Literary Orphans

Photographic Memory #5
by Hun Ohm


Pusan morning, 1958

Before his daughter’s appearance, he was already old. He had long lived in the sprawling ancestral home his grandfather raised. Even when the American soldiers arrived, when the streets echoed with their untested boots, the forty-eight stars of their flag rising, he remained in this house with its several wings. For the courtyard and its single persimmon tree, the translucent pleasure of a fishpond. Before her arrival, he stood before the gates in a long buttoned coat. Alone, unsmiling. Her father.

Before her, he was already in tatters, the father of one son murdered inside his wife’s womb. Afterwards, he awoke at dawn and wandered for a decade through the fog-veiled courtyard. In his right hand, he carried a walking stick cut from the persimmon tree. He used this to check the stone-laid path, tapping the smooth granite with the worn end. At the fishpond’s shore, he talked to the glistening carp, addressed them by their one hundred patches of scale and fin. He scattered rice across the slack water and watched the carp jostle among themselves to drink the sweetest grains.

It was during such a morning that he came upon her as she lay swaddled in a brown nest of rags at the gateway. He lifted her tired body and carried her across the courtyard to the fishpond. She clung to sleep as he revealed her face to the silver air, her eyes tight in the tail of a dream. He was unconcerned that she was an infant, indeed a stranger. He nodded toward the lens, and the shutter snapped, the moment froze. Overhead, the sky was held by an undisturbed gray. A light wind blew against the treetop, and everywhere was the soft rustle of awakening things.

It is this photograph of them she will return to, years later, at the edge of all his living. She places it in his hands while she bathes his last fever with cool water. In another wing, a piano plays on the radio, and she hums quietly over the slight swells, the single notes hovering in the air momentarily as if astonished, only to melt into the memory of the piano’s taut cords. She breathes in deeply and hums again, bringing him closer to the music he can now barely hear, back to the childhood that has become drowsy in their minds. A wavering progression suspended in her voice. One octave in a range of ivory keys.

Only smudges of her first hours with him now remain, rendered faintly in her careful script on the back of the picture. Each memory has slowly worn away with each handling. Fingerprints frame the edges. Sentences disappear and reemerge, the words floating aimlessly, suspended from her pencil by string.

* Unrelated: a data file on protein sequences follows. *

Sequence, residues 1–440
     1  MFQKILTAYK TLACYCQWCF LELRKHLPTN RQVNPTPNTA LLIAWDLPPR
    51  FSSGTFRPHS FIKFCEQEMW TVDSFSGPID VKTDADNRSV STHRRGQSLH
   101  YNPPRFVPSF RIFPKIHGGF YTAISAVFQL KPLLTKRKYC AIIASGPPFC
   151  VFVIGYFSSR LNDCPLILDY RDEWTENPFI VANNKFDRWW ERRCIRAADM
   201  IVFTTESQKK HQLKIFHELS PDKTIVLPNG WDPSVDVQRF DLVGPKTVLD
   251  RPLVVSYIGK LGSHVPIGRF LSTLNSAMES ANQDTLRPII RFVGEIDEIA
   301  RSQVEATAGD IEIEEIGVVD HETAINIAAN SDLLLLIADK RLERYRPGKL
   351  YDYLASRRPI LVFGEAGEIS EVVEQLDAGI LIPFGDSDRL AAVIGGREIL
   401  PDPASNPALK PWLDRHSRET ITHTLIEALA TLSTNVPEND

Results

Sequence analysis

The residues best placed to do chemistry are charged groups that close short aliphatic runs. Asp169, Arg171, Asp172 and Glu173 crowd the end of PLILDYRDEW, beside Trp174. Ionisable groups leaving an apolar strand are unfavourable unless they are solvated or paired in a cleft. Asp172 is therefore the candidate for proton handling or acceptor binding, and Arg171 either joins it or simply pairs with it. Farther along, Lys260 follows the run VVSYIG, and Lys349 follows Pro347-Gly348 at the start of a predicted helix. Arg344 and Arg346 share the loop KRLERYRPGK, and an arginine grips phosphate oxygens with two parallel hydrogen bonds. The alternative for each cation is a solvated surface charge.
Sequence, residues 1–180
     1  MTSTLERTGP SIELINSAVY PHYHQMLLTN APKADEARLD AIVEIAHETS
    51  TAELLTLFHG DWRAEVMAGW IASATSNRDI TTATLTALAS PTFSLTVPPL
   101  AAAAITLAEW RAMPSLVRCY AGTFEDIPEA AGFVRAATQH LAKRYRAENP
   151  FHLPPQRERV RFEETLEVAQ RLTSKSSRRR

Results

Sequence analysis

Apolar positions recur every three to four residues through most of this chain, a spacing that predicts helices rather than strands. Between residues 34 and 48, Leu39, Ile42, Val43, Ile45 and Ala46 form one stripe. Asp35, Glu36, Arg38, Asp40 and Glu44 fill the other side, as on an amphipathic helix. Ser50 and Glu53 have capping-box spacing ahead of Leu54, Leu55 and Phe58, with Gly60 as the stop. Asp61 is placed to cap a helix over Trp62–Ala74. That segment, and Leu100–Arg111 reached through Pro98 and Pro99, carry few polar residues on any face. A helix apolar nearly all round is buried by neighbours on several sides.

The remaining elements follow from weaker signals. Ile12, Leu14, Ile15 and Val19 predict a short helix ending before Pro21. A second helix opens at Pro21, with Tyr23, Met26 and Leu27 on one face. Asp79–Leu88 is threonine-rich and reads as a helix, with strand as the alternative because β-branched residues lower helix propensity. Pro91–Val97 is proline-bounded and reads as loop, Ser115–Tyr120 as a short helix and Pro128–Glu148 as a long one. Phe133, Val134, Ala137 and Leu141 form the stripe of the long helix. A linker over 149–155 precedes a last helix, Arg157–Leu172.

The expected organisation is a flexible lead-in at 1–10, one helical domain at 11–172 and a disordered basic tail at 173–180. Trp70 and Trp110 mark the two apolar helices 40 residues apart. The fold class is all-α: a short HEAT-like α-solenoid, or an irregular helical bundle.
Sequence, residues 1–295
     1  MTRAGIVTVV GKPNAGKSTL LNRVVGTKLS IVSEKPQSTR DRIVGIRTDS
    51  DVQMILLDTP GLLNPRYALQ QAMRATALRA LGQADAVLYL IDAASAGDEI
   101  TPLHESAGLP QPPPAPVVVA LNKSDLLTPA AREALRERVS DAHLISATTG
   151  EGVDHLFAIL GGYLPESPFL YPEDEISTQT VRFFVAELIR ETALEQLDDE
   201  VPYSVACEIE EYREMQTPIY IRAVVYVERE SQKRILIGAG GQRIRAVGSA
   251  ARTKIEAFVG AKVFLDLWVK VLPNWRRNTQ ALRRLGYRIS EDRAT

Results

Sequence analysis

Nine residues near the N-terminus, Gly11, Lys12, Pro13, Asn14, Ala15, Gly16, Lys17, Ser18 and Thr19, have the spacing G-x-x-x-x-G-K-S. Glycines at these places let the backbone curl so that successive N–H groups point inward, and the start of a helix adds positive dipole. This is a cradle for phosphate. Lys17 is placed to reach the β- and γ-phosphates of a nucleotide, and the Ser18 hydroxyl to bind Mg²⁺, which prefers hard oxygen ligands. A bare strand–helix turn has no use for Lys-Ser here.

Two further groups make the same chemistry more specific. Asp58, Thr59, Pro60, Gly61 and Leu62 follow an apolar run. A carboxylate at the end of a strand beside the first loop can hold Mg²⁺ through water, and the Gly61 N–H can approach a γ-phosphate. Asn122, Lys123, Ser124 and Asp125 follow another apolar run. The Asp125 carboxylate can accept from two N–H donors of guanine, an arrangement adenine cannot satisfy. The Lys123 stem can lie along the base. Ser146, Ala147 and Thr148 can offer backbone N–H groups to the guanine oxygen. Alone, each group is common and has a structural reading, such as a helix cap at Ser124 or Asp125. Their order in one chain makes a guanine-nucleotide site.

She has written that she can hear them again, the fish, singing of lost treasure from beyond the shore. She has lain noiselessly on the pale bedding in her room while the notes bear their insistence as if measured by moonlight. In the weakened night sky, there is a familiar coldness filled with salt, and she has pulled the thin blankets up to her chin. It is a night without end, and yet their words cradle her, singing of lost treasure. In this far corner of her mind, the day still ends with song.

When she sleeps, finally, she dreams of the courtyard, and its fishpond, how can she tell him? She is an infant again, just a small, small girl, and she rests her knotted fist against his lapel as he stands underneath the persimmon tree. The air is warm in its slumber, it smells of fruit, and there is a mist from the mountain resting atop the stones, so thick she can barely see the carp drink the water top with their white mouths. Rings expand on the surface, flatten until they disappear. And though it is silent, her lips move, and she is certain, yes, she is speaking to him.

Ahpa, she says, Remain with me. The wind has ceased, and all around us, it is still.

O Typekey Divider

Hun Ohm is a writer and intellectual property attorney. He lives in western Massachusetts. His fiction has appeared in Bartleby Snopes, Gone Lawn and Every Day Fiction.

Hun Ohm2

O Typekey Divider

–Art by Marina Ćorić